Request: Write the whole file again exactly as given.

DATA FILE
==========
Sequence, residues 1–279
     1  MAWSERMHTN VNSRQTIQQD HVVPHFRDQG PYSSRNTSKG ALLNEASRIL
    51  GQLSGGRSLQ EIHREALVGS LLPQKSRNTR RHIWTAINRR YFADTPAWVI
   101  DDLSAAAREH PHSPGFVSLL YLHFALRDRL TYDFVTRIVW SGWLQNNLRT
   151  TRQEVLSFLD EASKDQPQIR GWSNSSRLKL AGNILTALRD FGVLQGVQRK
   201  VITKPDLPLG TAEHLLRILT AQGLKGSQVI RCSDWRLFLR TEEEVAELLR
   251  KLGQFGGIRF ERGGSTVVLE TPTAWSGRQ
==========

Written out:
Sequence, residues 1–279
     1  MAWSERMHTN VNSRQTIQQD HVVPHFRDQG PYSSRNTSKG ALLNEASRIL
    51  GQLSGGRSLQ EIHREALVGS LLPQKSRNTR RHIWTAINRR YFADTPAWVI
   101  DDLSAAAREH PHSPGFVSLL YLHFALRDRL TYDFVTRIVW SGWLQNNLRT
   151  TRQEVLSFLD EASKDQPQIR GWSNSSRLKL AGNILTALRD FGVLQGVQRK
   201  VITKPDLPLG TAEHLLRILT AQGLKGSQVI RCSDWRLFLR TEEEVAELLR
   251  KLGQFGGIRF ERGGSTVVLE TPTAWSGRQ